Патент USA US2115119код для вставки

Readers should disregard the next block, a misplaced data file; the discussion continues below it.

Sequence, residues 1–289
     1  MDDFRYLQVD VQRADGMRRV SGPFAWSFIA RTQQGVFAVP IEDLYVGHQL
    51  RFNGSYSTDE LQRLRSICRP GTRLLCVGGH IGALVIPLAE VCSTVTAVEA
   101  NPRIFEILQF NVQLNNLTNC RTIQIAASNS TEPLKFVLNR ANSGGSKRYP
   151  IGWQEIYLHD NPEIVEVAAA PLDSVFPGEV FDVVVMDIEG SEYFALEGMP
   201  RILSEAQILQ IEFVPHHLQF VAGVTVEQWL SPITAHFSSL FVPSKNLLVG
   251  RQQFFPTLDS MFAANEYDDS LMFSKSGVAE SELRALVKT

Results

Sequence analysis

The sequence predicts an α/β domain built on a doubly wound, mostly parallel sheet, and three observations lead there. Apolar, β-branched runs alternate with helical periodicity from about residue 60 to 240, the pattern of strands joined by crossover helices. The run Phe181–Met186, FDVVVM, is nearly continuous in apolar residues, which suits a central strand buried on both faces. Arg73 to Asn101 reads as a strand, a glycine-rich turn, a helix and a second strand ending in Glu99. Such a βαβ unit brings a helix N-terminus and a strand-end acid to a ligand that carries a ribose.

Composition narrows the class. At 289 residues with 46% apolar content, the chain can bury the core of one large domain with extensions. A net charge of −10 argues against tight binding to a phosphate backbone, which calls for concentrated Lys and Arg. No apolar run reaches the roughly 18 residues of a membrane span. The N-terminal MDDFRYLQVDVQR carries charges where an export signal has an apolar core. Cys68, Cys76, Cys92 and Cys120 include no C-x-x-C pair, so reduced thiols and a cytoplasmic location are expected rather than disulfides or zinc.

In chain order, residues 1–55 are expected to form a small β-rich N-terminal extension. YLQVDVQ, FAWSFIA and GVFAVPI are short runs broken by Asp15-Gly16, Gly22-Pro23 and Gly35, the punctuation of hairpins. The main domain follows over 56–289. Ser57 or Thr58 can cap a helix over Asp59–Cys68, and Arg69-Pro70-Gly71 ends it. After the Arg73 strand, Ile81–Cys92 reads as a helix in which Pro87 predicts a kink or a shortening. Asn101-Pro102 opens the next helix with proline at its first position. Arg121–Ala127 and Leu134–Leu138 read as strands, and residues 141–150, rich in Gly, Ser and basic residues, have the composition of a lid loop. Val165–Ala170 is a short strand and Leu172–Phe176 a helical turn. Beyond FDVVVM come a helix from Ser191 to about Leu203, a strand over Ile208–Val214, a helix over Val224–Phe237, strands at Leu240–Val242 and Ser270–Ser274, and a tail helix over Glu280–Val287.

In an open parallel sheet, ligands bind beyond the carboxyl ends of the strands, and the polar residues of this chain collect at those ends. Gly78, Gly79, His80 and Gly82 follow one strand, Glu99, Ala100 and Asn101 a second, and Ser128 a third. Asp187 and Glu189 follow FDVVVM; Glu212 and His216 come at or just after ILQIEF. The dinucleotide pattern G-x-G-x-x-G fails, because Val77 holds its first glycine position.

April 26, 1938. T. S. PARK 2,115,119 GRIP FOR SPORT CLUBS Filed May e, 1955 2 Sheets-Sheet l I‘ln’Í `1, Z 4 Hen @ ‘ing’ ATTORNEYS April 26, 1938.l 2,1 15,119 T. s. FÄßmK> GRIP FOR SPORT CLUBS Filed May 6, 15235 2 Sheets-Sheet 2 „my ÓÍHrr/? . INVENTOR 6K. B. ATTORNEYS '\ Patented Apr. 26, 1938 2,115,119 UNITED STATES PATENT oFFIcE 2,115,119 GRIP FOB SPORT CLUBS Tracy S. Park, Houston, Tex. Application May 6, 1935, Serial >No. 19,964 9 Claims. The invention relates to a grip to be employed upon the handles of sport clubs such as golf clubs, tennis rackets, base ball bats, ñshing rods and the like. lIt is an object of the invention’to provide a frictional surface upon the handle of the club which will give the player a ñrrn grip upon the (Cl. 273-81) of a base ball bat showing my invention employed thereon. ' My invention is employed particularly upon the handle of a golf club, as is shown in Figs. 1 to 7, inclusive, and although the gripping device may be employed upon a wooden golf' handle I have shown the same as employed upon a steel club club and prevent the slipping or turning of the ` having a tubular steel handle I, vwhich is cylin 10 club in the hands of the player. ItA is also desired to provide such a gripping surface which is somewhat pliable and resilient and will take the shock from the hands of the user. It is a further object to provide a gripping sur 15 face which is so formed as to resist the slipping of the club longitudinally in the hands of the player. I desire to so grind the surface upon the gripping member that it will particularly resist the movement of the club outwardly from the 2O player’s grip. It is another object of the invention'to provide a gripping surface for clubs of this character which is strong and durable and will not be ad versely affected by moisture thereon from 25 perspiration on the player’s hands, or from rain, or other similar source. I desire to provide a sur facing for the grip which is made of strong and durable cord which will last through the life of the club. 30 ' Other objects and advantages will be more clearly understood from a consideration of the drawings herewith wherein: A Fig. 1 is a central longitudinal section of a gripping device shown asv employed upon the 35 handle of the golf club. Fig. 2 is a transverse section on the plane 2-2 of Fig. 1 and shown somewhat enlarged. Fig. 3 is a broken elevation of the end of my gripping member showing the character of sur 40 face formed upon the grip used on a golf club. Fig. 4 is a view similar to Fig. 1 and showing a slightly different embodiment of the surface covering for the grip. . Fig. 5 is a broken sectional detail enlarged to 45 indicate the fabric covering for the gripping member. 50 ' . gripping member. A Said gripping member is made up of an inner layer 2 of rubber or similar ñeXible and of com pressible material. This layer may be made in any preferred form and although the composi 15 tion is largely rubber it may lhave therein other materials such as ground cork, fabric, ñber or the like, which, together with the rubber, forms a compressible gripping member. This layer of material forms a cushion and is made of increas 20 ing thickness from the inner end to the outer end, thus providing a grip which tapers from the end of the handle toward the club head. On the outer surface of the cushioning layer 2 I provide a frictional gripping layer 3. This 25 gripping surface is preferably made of strong cord. It may be made entirely of Vthreads or strings or cord extending longitudinally of the gripping member from one end to the other, lying closely adjacent each other along the surface as 30 shown at 4 in Figs. 3 and 6. The term “cord” as herein employed` designates a heavy thread such as is commonly spun from cotton or similar lint ' and has material strength. 'I‘hese cords are em bedded in the outer surface of the rubber cushion ing member the cords being placed in position closely adjacent each other and longitudinally on the said layer 2 of rubber and the whole assembly _ is placed in a mold and the rubberis vulcanized with the cord in place about the periphery there of. This operation may be carried on by using the club handle as the mandrel on which the grip is molded, or a separate mandrel may be used and the grip later añìxed to the desired club handle. 45 y At the outer end of the steel shaft the rubber cushioning layer 2 extends slightly beyond the Figs. 6 and 7 are side and end views respective ly of a grinding -member which may Vbe em end of the shaft, as shown at 5. There is an open ployed to properly surface the gripping device. Fig. 8 is a transverse section on .the plane 8-8 ing in the layer of rubber corresponding to the opening through the steel shaft anda button or so of Fig. 9. ' Figs. 9 and 10 are side elevations and sections respectively showing the employment of my in vention upon the handle of a tennis racket. . 55 drical. 'I'his handle may be prepared in any of the usual methods for receiving thereon the 10 Figs. 11 and 12 are side elevations of the handle plug 6 of hard rubber or other similar material is fixed therein, said button having a radial flange 1 interñtting with the soft rubber of the cushion-_ ing layer. The plug is thus held firmly in place cemented with the rubber of the grip. , 55 2,115,119 Whilel‘the outer gripping surface of the handle 'may be made of cord lying longitudinally of the handle I may Where desired form" the outer sur facing of a fabric having‘ffthe' cords lying along employed on other sport clubs, and in Figs. 8, _9, and 10 I have illustrated how it may be employed upon the handle of a tennis racket. While the ordinary handle of a tennis racket as now gen erally manufactured is of Wood, such handles are the handle as previously‘shò'wn but" with a Woof or cross thread 8 tying said cords together at occasionally- made of tubular metal stock and it spaced intervals, as shown in Figs. 4 and 5, In is to be understood that my invention may be fixing this layer of fabric in position on the han employed _upon such handles Whether of Wood dle the same method is adopted as in the previous or steel or other material. I contemplate recessing the outer grip portion 10 10 embodiment. , „The gripping member is placed‘in the mold’withf: the _?fabric 'on the outer 'surface of the .handle `asl shown at ,I2 in Fig. A10. This thereof so that when the ‘assembled shaft and recess is of sufficient depth to accommodate an grip member are compressed under heat and vul- , inner layer I3 of rubber or similar composition~ having vulcanized thereon an outer layer I4 of canized the rubber will extend through the sur canvas lor cord of the nature described relative 15 15 face of the fabric as shown at 9 in Fig. 5. When the cushioning member with either the tothe golf grips. This layer of rubber and cord is vulcanized before it is placed in position upon fabric or cord surface thereon is properly vul canized in the mold, the next step includes the ' the handle. I form a tubular member of rubber grinding of' the outer surface so as to properly and cord properly vulcanized and finished to fit 20 expose the cord portion of the grip to the hands around the handle of the club and to conform of the player. It is also, o`f course, desirable to' to the contour of the handle. This tube is slipped over the end of the handle and adjusted inposi smooth off the handle thoroughly so that no irn tion and cemented to the wood of the handle. perfections inthe surface vwill show. This done by means of a grinding member III shown in The outer end of the sleeve of fabric and rubber 25A Figs. 6 and 7. I preferably use a grinding wheel is closed bya disc I5 which may be entirely of 25 which may be of carborundum or other similar rubber and flaring slightly outwardly to give a abrasive material, the periphery of the grinding bead I6 at the outer end of the handle. This wheel being curved to conform approximately to assembly Will then form a frictional gripping sur the outer curvature of the handle. The surface is face for the hands of the player and have the 30 then groun-d by abrading the outer surface of the same advantages as when lemployed upon a golf 30 handle longitudinally, .as shown particularly in Fig. 6, with the grinding Wheel rotating so as to , cause the nap ofA the cord or canvas to be pulled out of the rubber so that it will lie in a direction 35 inclined toward the club head, as shown at II in club. Any imperfections in the surfacing of the gripping layer may be -removed by grinding with a flat faced grinder in the usual manner. A_In Fig. 11 I have shown my gripping surface as applied to the handle of a ball club. In form 35 Fig. 6. The entire surface of the club is thus ing the same upon the handle of the club I con carefully ground exposing the lint of' the cord by template forming a sleeve or tube I'I of rubber removing the rubber closely adjacent the cords ' with canvas or cord embedded therein as in the leaving short tufts of the cord projecting so as to other embodiment, this tubing being stretched 40 form a frictional grip for the hands of the player over the end of the handle and cemented in posi 40 to resist the slipping of the club. ,The nap or tion, embedded in the surface of the club as seen tufts of the cord lying in a direction as shownI in Figs. 11 and 12. I may form the gripping sur in Fig. 6 will tend to resist the slipping of the face of one continuous sleeve, as shown at I'I, or I club from the- player’s hands because they have may have two shorter sleeves I'I’, as shown in Fig. 45 been pulled from the rubber by the grinding. It 12, each sleeve serving to form a separate grip 45 will be seen that the player may slide'his hands ' ping area for each of the player’s hands. In downwardly along the club to obtain a firm grip either case the gripping member is formed as but when a stroke is delivered with the club the previously noted with an inner cushioning layer tendency of the' club to fly longitudinally from of rubber or similar composition with the cord or canvas embedded in the outer surface thereof, 50 50 the hands of the player is resisted by the pro jecting tufts so .that a firm grip may always be -said layer of material being firmly cemented to >the handle of the club with the tufts'directed ‘ ‘ ' j ` It is a particular advantage of this club that toward the head end of the bat. When my invention is employed upon any of it has a frictional surface which may be engaged 55 by the hands of the player which is not affected ' these forms of clubs it has a similar advantage 55 bymoisture as _previously- noted. This _cord in the of forming a ñexible and cushioning grip for thev handle still provides a frictional grip when Wet in hands of the player and also furnishing a fric approximately the same manner as when it is dry tional surface which is particularly adapted for and asa matter of fact if the cord material. ab ` clubs of this character. It enables the player to 60 corbs moisture it will expand and project farther get a firm and accurate hold upon the club so 60 beyond the rubber. The handle is thusf adapted that‘slipping or rotating of the club inthe hands for all kinds of weather and gives to the player a of the player is prevented. What is claimed as new is: firm grip on the club. 'I'he vprovision of the cush-y 1. A gripping member for golf club handles, ioning layer'beneath the outer frictional surface gives firmness to the grip and also allows a slight having a metal shaft, including a cushioning 65 flexing of the shaft of the handle within the sleeve of flexible elastic material, and a surface gripping member so that the shock of the-blow covering on said sleeve consisting lof a plurality obtained. delivered by the club is not received stronglyv uponvthe player’s hands. It givesa greater flex ibility and freedom of movement of the club han dle without interfering in any way with the ac curate holding and positioning of the club in‘ its use in playing. f , ’ While my invention is particularly adaptedfor 75 _use on golf clubs it also is quite advantageously of independent fibrous cords running longitudi nally of said sleeve and embedded in said sleeve and cemented with said sleeve to said shaft, said 70 cords being comparatively coarseto form a rough frictional gripping surface and being for the greater portion of their length free from any transverse cords connecting them together. 2.` A gripping member for golf club handles ín 75 A 2,115,119 cluding an inner cushioning-sleeve largely com posed of rubber and tapering in diameter inwardly from the outer end of the’ handle, an outer sur face covering vulcanized to said sleeve, said cov ering being composed of ñbrous cords embedded in the rubber, the outer surface being abraded so that the fibers thereof project from the sur face in a direction inclined away from the outer end of the handle to form a frictional area to 10 be gripped by the user. 3. A handle construction including a rubber body member, a plurality of straight longitudinal cords longitudinally 'positioned on the member and partially projecting therefrom with tufts of 15 the cord projecting from the cord in a direction to prevent slipping of the handle when held and being for the greater portion of their length free from any transverse cords connecting them to gether. ' 4. A gripping member for handles for sport clubs including an inner cushioning layer of rub ber, and an outer layer of relatively! coarse straight cords lying close together embedded in said rubber, said cords extending longitudinally of the grip and partly exposed and being for the greater portion of their length free from any transverse cords connecting them together. 5.\A gripping member for handles Afor sport clubs including an inner cushioning layer of rub 3 other longitudinally of said sleeve and vulcanized into said sleeve, and having relatively few spaced transverse cords connecting said- longitudinal cords together, the outer surface of said cords being exposed and ground to be smooth but pre 5 senting a frictional surface resisting slipping of said club in the hands of the user. ‘7. A gripping member for golf club handles in- _ cluding an inner cushioning sleeve of flexible elas tic composition, said sleeve being tapered from 10 the outer end of the golf club- handle inwardly, a surface covering for said sleeve composed of coarse cords lying closely adjacent each other longitudinally of said sleeve and vulcanized into said sleeve, a plurality of transverse threads> 15 woven with said cords and spaced relatively far apart, the outer -surface of said cords being ex posed and ground to be smooth, but presenting a frictional surface resisting slipping of said club in the hands of the user. ' 20 8. A gripping member for handles for sport clubs including an inner cushioning layer of rub ber mixed with light comminuted material, -and an outer layer of coarse cords lying closely ad jacent and held together by relatively few trans 25 verse. cords embedded in said rubber and vul canized therein, the outer portion of the rubber having been removedto leave the cords exposed and projecting slightly beyond the rubber. 9. -A gripping member for golf. club handles 30 ber and an outer layer of coarse cords lying close together embedded in said rubber and vulcanized including an inner cushioning sleeve largely com therein, said cords longitudinally of said handle posed of rubber and tapering in diameter inward-l having portions projecting from said rubber, the ly from the outer end of the handle, an outer outer surfaces of said cords being abraded to p surface covering vulcanized to said sleeve, said present a relatively smooth surface. covering being composed of coarse ñbrous cords 35 lying longitudinally of said sleeve, the outer ta 6. A gripping member for golf club handles in cluding an inner cushioning sleeve of flexible pering surface of said sleeve being abraded longi elastic composition, said sleeve being tapered tudinally to form fibers on said cord, projecting from the surface to form a frictional area adapted from the outer end of the golf club handle in to be gripped by the user. ‘ 40 wardly, a surface covering for said sleeve com 40 posed of coarse cords lying closely adjacent each TRACY -S. PARK.